The past few months and weeks have been interesting as far as African news is concerned. Here are some of the more compelling Africa headline stories that have piqued my interest.

U.S. Shows new interest in Africa

Howard French: How a Million Migrants Are Building a New Empire in Africa


In an analysis of relations between the United States and African countries, Deutsche Welle (DW) the German broadcaster, says, “There is no doubt that Africa is attracting greater interest in U.S. politics. For a long time the continent was seen only as a source for armed conflict, disasters and famine”

That perception may have changed.…

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Five African Nations Competing for the World Cup: Let’s Enjoy the Tournament

By George Bamu on June 11, 2014

World Cup in Brazil/Getty Images

A Ghana fan blows a vuvuzela during the 2010 World Cup in South Africa


As the world’s biggest sporting event, the World Cup, Kicks off in Brazil June 12, I like to take a cursory look at the five countries representing the African continent. Also I want to highlight what some commentators, broadcasters and football analysts are saying about the chances of success for these countries.

The five African teams are as follows:
Cameroon (Group A)
Ivory Coast (Group C)
Nigeria (Group F)
Ghana (Group G)
Algeria (Group H)

Writing for ‘A billion voices’ , the Guardian’s Africa Network, Antoinette Muller wonders why African teams under-perform at the World cup?

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White House counselor John Podesta writes about Power Africa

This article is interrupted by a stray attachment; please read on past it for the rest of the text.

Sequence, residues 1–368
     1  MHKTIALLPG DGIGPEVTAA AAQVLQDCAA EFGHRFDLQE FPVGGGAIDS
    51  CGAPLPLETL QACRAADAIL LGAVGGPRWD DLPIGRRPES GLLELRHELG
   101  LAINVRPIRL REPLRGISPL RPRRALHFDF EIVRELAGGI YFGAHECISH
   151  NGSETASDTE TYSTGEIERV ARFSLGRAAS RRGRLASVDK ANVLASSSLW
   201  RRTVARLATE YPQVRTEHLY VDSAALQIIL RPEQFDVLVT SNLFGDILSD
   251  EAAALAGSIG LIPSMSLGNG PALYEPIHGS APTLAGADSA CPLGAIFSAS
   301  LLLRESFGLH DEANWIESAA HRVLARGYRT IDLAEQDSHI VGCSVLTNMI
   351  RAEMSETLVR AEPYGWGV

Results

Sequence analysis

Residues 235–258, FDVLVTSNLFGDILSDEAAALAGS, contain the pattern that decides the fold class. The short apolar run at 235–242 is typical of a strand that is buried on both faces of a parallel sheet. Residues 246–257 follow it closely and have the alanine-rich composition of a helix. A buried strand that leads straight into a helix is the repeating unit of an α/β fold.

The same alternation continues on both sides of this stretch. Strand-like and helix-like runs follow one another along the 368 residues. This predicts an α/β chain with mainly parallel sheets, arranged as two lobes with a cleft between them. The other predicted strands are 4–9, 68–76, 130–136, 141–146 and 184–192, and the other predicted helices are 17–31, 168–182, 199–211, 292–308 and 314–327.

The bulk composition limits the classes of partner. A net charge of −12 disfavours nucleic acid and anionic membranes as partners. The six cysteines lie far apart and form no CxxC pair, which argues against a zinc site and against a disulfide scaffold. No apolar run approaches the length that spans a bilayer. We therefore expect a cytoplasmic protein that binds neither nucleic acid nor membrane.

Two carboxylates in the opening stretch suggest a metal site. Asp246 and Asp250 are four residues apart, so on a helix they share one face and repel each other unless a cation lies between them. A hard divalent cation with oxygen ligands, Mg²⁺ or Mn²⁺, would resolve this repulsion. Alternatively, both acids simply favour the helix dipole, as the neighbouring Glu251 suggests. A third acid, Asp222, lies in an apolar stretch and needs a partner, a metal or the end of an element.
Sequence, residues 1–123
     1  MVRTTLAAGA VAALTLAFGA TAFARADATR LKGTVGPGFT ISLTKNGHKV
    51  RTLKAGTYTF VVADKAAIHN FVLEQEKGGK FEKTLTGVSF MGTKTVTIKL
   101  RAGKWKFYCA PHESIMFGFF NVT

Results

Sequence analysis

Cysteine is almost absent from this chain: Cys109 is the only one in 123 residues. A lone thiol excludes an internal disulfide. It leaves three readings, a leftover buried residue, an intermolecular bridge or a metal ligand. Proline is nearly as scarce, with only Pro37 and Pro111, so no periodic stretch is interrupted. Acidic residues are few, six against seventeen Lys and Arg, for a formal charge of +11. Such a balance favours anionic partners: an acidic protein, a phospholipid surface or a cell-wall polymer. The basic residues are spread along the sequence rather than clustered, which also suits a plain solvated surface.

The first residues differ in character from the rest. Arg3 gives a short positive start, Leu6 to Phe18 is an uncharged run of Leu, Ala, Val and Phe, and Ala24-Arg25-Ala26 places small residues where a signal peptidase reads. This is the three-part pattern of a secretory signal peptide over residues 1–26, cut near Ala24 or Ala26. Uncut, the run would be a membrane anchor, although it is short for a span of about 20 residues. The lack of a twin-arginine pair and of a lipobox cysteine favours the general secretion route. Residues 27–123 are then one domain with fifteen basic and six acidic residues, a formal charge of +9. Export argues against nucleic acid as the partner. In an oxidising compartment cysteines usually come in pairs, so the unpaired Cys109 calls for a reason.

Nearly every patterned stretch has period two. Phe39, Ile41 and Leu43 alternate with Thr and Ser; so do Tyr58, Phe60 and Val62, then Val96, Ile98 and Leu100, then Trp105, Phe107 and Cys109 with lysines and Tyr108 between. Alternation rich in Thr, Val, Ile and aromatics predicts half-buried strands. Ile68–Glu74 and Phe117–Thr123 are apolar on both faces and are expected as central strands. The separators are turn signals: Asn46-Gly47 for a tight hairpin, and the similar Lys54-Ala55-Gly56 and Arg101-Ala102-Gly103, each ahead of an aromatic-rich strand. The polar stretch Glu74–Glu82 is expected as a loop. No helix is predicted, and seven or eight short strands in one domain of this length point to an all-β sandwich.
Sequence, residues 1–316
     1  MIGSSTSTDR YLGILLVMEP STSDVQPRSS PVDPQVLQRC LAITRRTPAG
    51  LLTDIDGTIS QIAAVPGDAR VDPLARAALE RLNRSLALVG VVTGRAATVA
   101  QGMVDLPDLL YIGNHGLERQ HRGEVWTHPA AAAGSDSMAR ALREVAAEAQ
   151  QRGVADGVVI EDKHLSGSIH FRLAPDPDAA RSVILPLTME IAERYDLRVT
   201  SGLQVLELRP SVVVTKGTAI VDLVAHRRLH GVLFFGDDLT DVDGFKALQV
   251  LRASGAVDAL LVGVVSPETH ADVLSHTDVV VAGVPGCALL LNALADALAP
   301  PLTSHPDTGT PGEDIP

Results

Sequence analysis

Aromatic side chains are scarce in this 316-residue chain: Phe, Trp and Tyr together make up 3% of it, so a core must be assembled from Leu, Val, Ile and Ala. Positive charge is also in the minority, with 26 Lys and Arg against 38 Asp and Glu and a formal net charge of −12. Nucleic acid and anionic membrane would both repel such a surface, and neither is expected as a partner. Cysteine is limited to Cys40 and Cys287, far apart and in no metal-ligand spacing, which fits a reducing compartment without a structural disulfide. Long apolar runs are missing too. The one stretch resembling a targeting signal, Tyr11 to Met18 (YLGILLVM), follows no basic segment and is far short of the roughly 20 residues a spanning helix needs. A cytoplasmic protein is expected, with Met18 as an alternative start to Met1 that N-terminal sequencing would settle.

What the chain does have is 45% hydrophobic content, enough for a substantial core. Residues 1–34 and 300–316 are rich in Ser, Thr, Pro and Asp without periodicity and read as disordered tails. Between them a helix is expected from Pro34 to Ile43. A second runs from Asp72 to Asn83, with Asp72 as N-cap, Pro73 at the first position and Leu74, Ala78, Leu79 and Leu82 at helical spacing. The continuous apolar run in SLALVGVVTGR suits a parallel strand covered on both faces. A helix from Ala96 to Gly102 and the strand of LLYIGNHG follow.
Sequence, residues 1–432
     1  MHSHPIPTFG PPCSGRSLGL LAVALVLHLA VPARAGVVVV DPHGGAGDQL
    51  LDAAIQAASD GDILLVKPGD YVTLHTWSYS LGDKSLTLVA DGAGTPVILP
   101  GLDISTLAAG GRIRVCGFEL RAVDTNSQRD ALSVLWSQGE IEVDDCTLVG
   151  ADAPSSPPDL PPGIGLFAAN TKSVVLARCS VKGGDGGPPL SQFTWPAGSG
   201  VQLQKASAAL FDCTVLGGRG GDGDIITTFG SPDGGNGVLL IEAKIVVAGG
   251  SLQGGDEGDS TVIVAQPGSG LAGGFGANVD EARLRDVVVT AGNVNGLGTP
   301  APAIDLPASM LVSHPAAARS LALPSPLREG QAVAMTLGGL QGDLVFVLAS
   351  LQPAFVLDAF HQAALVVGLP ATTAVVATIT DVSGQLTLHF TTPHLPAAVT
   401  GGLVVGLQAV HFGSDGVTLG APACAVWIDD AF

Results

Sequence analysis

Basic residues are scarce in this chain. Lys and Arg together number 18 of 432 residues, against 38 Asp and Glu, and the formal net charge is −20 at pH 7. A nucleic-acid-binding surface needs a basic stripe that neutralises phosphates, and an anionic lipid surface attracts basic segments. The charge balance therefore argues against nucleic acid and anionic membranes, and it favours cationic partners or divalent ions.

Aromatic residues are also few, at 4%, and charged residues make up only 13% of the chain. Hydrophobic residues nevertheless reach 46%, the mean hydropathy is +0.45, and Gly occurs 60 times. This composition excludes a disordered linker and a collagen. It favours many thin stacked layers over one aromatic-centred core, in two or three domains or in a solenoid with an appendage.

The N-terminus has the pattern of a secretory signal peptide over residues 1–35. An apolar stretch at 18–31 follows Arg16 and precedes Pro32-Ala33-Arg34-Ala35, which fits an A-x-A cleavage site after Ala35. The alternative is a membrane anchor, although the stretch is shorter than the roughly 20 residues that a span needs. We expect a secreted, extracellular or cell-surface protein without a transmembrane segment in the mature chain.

By George Bamu on June 5, 2014

Developing access to electricity in Africa

Developing access to electricity in Africa

John Podesta, counselor to U.S. President, Barack Obama writes about Power Africa for the White House blog.

‘President Obama launched Power Africa nearly one year ago to double access to electricity in sub-Saharan Africa – electricity needed for students to succeed, businesses to thrive, and African economies to grow.’

In addition to listing the names of the 27 ‘Beyond the Grid’ partners and examples of their commitment towards the initiative, Podesta states, ‘new distributed energy companies are now delivering clean, reliable energy in Africa at a competitive price point.’

Power Africa is a commitment by the U.S.…

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As a new leader emerges, questions abound about Malawi’s 50-50 campaign

By Muthi Nhlema on June 1, 2014

The electoral commission said 99 percent of the voting was "trouble-free" and that the people had spoken [AFP]

Peter Mutharika was declared the winner of Malawi’s disputed presidential election Photo: AFP

After the recent general elections, the results of the 50-50 campaign, designed to advocate for equal representation between men and women in elected positions in Malawi, are disappointing.

The seemingly elusive goal has been fraught with all kinds of challenges. My ‘un-womanly’ take on the matter is that its major problem has more to do with strategy than material challenges.

With a few years of experience working alongside many gender activists, there is one issue I have with the women’s empowerment movement in Malawi.

The movement was more concerned with quantity, and less on quality, in the hope that the numbers would somehow magically translate into actual policy gains without really clarifying how that would happen.…

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2011 Africa Agenda